Individual differences in abnormal color vision are well known. A fundamental unresolved problem is the great variation in color vision even among those classified as having the same color-vision defect. Several physiological hypotheses have been proposed to account for this variation but little consideration has been given to how (and how much) color matching and discrimination are affected by the posited physiological mechanisms. Advances in molecular genetics have renewed interest in this problem, which is at the foundation of the relation between genotype and phenotype. We report here theoretical Rayleigh ranges (chromatic discrimination) and quantal matches for deuteranomalous trichromats with photopigments in the red/green range that vary in their separation and optical density. The results show there is relatively little loss of discrimination with pigments of normal optical density separated by as little as 2-3 nm. With pigments separated by 4 nm or less, however, optical density can strongly influence discrimination when varied independently in the two types of cone. Moderately lower (or higher) optical density in only one cone-type affects discrimination by altering the shape of the cone's relative spectral sensitivity function. The lack of correlation between Rayleigh-match midpoint and range, which is reported in the literature, may be accounted for by independent variation in pigment separation and optical density. © 1995 Elsevier Science Ltd.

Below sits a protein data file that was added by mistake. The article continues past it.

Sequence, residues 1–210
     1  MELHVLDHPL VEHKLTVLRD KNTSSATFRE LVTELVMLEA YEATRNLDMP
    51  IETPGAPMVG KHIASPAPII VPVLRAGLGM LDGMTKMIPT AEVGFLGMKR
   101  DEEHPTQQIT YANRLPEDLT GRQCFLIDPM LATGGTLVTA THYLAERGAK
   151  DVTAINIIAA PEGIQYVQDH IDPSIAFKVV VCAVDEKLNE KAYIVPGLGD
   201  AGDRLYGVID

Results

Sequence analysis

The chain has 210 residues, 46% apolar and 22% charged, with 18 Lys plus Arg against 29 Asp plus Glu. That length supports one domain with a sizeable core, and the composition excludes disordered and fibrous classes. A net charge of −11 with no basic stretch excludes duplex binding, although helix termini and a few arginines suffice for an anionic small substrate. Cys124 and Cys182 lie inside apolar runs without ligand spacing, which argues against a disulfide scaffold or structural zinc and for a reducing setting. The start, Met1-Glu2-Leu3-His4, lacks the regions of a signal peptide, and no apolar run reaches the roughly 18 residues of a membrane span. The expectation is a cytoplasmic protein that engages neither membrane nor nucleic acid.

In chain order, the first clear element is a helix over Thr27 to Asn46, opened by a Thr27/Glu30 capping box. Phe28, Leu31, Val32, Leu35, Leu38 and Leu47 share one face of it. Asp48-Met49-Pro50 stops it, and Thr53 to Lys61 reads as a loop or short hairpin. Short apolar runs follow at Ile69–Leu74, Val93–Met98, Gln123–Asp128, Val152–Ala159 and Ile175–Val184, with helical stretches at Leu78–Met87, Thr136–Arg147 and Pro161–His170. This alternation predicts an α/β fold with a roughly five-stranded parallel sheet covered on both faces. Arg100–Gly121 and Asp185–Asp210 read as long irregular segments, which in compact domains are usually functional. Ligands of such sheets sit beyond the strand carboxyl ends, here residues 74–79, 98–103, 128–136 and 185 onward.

He, J. C., & Shevell, S. K. (1995). Variation in color matching and discrimination among deuteranomalous trichromats: Theoretical implications of small differences in photopigments. Vision Research, 35(18), 2579–2588. https://doi.org/10.1016/0042-6989(95)00007-M